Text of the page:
According to Medeiros et al.,21 the presence and severity of base pathologies, such as chronic obstructive pulmonary disease, diabetes mellitus, chronic renal failure, congestive cardiac failure, and the consequent need for invasive procedures favored colonization of microorganisms, predisposing patients to the development of infections. In our study, patients who had cardiovascular pathologies presented significant correlation between comorbidity and respiratory source, presenting 65.2% of the cases in this condition (p < 0.05).
Chronic renal failure showed a prevalence of 21.7% in this study, having 61.3% of these patients under dialysis by the time they had bacteremia/candidemia. Among the patients who presented positive blood culture, 14% had dialytic chronic renal failure. Diabetes mellitus was incident in 26.6% of the cases and 11.2% of the patients had chronic obstructive pulmonary disease.
S. aureus were isolated in 21% of the samples analyzed in patients with sepsis, corresponding to 70% of positive cultures for this pathogen in diagnosed BSI, of which 50% were methicillin-resistant (MRSA). This frequency presented statistical significance (p < 0.05) in relation to the other pathogens identified in this group. NNIS data, published by CDC,22 reported that 59.5% of the isolated S.aureus in American hospitals was methicillin-resistant. Recent studies suggest that the epidemiology of MRSA may get worse, once the isolation of these strains is no more limited to hospital environment, having spread out to the community.23,24
Concerning patients' clinical evolution in different settings of the hospital, it was observed that, in the open ones, 14.10% of the patients developed severe sepsis. However, when ICU were analyzed separately, it was verified that 27.69% of the patients developed severe sepsis (p <0.05), showing two times more the incidence in open settings. It reflects the susceptibility of patients admitted in such units in accordance with infection risk prediction ASIS (Average of Severity of Illness Score), modified by Pinheiro.14 In this study, it was detected that the probability of adult ICU patients to develop infection is higher than 29.9% (categories D and E) in 36.0% of the cases.Among the studies revised by Silvia et al.,25 the occurrence rate of severe sepsis was 0.26% when ward patients were included, 27% when only ICU patients were investigated.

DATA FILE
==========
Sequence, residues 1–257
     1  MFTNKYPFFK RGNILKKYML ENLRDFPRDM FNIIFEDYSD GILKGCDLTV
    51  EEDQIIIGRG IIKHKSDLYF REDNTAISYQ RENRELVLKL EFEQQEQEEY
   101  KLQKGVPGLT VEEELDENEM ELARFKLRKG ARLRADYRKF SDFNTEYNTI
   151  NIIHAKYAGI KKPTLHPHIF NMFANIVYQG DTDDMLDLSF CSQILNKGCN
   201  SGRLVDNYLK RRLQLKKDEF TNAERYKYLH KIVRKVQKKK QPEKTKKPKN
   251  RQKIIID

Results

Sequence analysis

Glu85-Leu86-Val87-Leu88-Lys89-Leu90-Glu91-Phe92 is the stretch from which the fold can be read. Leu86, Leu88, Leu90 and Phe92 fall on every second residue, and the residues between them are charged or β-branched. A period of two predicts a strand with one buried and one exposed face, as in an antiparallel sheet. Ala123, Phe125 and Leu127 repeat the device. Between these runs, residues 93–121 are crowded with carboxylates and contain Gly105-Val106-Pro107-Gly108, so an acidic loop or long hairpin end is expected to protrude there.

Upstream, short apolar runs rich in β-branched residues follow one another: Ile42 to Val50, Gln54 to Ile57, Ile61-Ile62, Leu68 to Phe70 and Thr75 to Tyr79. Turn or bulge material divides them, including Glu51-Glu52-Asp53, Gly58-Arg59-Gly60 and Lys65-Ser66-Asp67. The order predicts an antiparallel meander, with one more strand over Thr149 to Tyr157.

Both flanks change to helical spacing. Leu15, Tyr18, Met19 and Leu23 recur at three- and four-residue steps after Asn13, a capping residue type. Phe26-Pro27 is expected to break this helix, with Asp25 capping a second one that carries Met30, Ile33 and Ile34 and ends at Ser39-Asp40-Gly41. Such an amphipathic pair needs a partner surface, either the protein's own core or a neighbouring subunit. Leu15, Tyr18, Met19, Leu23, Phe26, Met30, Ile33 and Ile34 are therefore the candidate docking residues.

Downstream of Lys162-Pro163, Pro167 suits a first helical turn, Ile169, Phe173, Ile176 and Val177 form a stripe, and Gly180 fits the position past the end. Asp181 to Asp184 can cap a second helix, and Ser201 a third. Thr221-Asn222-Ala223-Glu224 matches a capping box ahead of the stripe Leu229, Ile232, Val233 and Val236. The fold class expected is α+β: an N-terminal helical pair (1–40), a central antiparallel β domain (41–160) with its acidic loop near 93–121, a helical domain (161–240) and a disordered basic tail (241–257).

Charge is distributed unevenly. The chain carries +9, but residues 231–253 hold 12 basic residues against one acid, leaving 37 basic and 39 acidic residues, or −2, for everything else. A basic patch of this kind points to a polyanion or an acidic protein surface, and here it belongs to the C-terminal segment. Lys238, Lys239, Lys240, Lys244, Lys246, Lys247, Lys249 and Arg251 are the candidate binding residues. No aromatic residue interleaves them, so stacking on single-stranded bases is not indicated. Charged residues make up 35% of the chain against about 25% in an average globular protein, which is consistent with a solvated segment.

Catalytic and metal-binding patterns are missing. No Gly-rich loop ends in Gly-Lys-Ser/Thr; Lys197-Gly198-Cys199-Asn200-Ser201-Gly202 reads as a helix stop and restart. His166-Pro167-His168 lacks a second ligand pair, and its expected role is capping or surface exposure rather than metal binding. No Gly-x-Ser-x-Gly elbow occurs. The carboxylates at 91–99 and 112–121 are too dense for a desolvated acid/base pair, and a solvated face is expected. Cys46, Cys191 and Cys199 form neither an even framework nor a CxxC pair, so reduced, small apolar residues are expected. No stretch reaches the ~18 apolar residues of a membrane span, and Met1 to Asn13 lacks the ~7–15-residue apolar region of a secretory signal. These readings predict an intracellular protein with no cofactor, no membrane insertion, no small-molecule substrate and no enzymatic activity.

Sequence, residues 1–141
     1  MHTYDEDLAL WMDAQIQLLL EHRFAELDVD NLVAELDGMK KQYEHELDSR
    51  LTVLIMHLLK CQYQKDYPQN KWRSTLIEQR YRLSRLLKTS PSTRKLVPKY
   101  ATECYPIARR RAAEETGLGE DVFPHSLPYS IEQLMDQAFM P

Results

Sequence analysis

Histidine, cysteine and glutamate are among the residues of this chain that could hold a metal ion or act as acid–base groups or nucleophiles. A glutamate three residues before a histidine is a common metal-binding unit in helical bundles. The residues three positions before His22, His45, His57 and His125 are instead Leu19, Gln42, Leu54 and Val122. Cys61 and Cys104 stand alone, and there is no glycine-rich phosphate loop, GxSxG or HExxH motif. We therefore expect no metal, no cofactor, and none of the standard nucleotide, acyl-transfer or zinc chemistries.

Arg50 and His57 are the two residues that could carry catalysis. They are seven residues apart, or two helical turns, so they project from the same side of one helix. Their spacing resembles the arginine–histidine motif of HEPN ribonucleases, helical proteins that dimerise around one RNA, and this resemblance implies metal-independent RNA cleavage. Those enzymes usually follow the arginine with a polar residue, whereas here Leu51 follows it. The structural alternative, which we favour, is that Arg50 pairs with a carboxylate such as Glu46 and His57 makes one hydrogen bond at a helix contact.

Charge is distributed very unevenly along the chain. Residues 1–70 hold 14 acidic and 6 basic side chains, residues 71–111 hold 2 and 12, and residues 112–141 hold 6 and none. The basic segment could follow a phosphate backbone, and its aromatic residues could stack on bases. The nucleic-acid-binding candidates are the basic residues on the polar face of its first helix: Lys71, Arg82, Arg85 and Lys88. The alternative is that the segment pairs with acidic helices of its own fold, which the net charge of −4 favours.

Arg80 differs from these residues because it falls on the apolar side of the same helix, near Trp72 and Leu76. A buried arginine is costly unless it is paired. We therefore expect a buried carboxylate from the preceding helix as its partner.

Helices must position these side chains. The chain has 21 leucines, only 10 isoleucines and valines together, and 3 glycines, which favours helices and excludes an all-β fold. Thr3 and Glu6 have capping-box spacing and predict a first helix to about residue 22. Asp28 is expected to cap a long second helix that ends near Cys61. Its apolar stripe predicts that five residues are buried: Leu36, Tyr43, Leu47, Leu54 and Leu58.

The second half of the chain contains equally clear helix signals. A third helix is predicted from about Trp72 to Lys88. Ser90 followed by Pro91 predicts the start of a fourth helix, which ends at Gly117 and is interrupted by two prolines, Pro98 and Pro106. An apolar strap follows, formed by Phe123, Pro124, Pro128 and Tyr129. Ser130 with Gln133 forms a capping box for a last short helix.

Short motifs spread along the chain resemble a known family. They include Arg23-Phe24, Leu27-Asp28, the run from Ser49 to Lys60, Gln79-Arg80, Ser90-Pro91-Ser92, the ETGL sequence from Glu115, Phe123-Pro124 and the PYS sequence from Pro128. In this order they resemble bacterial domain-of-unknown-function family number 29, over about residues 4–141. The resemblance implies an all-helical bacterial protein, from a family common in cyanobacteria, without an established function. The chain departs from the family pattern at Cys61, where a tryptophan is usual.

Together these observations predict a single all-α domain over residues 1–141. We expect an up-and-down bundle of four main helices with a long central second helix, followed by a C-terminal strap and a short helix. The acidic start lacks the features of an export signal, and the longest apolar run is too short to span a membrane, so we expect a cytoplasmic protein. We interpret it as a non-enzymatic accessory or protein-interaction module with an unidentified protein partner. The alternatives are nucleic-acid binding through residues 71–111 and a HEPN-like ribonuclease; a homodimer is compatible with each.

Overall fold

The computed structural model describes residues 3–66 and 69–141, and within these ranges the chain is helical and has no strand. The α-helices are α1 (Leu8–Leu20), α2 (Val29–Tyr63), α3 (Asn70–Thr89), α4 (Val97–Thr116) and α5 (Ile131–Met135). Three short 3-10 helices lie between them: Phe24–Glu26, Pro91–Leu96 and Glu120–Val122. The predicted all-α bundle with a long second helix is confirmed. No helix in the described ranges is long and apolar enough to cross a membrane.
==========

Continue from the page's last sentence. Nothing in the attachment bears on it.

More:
The overall mortality rate in hospital during research was 3.7%, whereas the mortality due to BSI by the thirtieth day of follow up was 37.8%. Data based on literature25,26 showed overall mortality around 30%, similar to the findings in our study. However, it was observed that among patients who presented sepsis, 50% died by the thirtieth day after diagnosis. Data published in Spain in 199326 presented a mortality rate of 65.7%, straightly linked to sepsis. Mortality rate due to sepsis in BASES study was 33.9%,27 whereas Brun-Buisson et al.20,28 observed death probability of 25% by the 28th day. It was observed that on the thirtieth day after diagnosis for severe sepsis, 65.5% of the patients died, presenting a higher rate than in literature analyzed. Rangel-Frausto et al.16 observed a mortality rate of 20% in their study. Sands et al.29 found a rate of 34% by the 28th day of evolution, and BASES study showed a mortality rate of 46.9% for severe sepsis.27 In cases of septic shock, 84.6% of the patients in our study had died by the 30th day of follow up. The mortality rate was 52.2% in BASES study27 and varied between 47.2% and 63.8% in the study by Alberti et al.17
The high rates of evolution to more severe stages of severe sepsis and mortality attributed to these conditions in this study can be a consequence of the lack of knowledge on BSI characteristics in our area and the absence of instituted protocols in hospitals. Several studies report that the lack of knowledge of such aspects contributes to the increase of morbidity and mortality of patients affected by this infection.6,9,10
In 2004, Dellinger30 proposed a Surviving Sepsis Campaign Guidelines for Management of Severe Sepsis and Septic Shock in order to establish a model based on better scientific evidences available to manage patients with sepsis and septic shock. According to him, not changing medical behavior practice at bedside, despite the alarming levels of BSI incidence and mortality, means an unforgivable failure. In 2008, it was published in Critical Care31 an update on these guidelines proposing key recommendations, listed by categories of evidence to help in management of severe sepsis and septic shock.
We understand that the early diagnosis of the different stages of BSI and the institution of adequate and immediate treatment are essential in order to avoid the evolution to more severe, and many times, irreversible stages of the disease.
According to the study, the most relevant characteristics that may lead to increase of morbidity and mortality rates due to BSI were the presence of respiratory source of infection, isolation of S. aureus in blood cultures, age of patients older than 60 years, and severity of patients in ICU. Being aware of such results may contribute to the adoption of preventive measures and effective therapeutics capable to improve the survival of BSI patients.
1. Pittet D. Nosocomial bloodstream infections: secular trends in rates, mortality, and contributions to total hospital deaths. Arch Intern Med 1995; 155:1177-84. [ Links ]
2. Jarvis WR. Selected aspects of the socioeconomic impact of nosocomial infections. Mortality, cost, and prevention. Infect Control Hosp Epidemiol 1996; 17(8):552-57. [ Links ]
3. Digiovine B, Chenoweth C, Watts C, Higgins M. The attributable mortality and costs of primary nosocomial bloodstream infections in the intensive care unit.Am J Respir Crit Care Med September 1999; 160 (3):976-81. [ Links ]
4. Bernard GR, Vincent JL, Laterre PF et al. Efficacy and safety of recombinant human activated protein C for severe sepsis. The New England Journal of Medicine 2001; 344:699-709. [ Links ]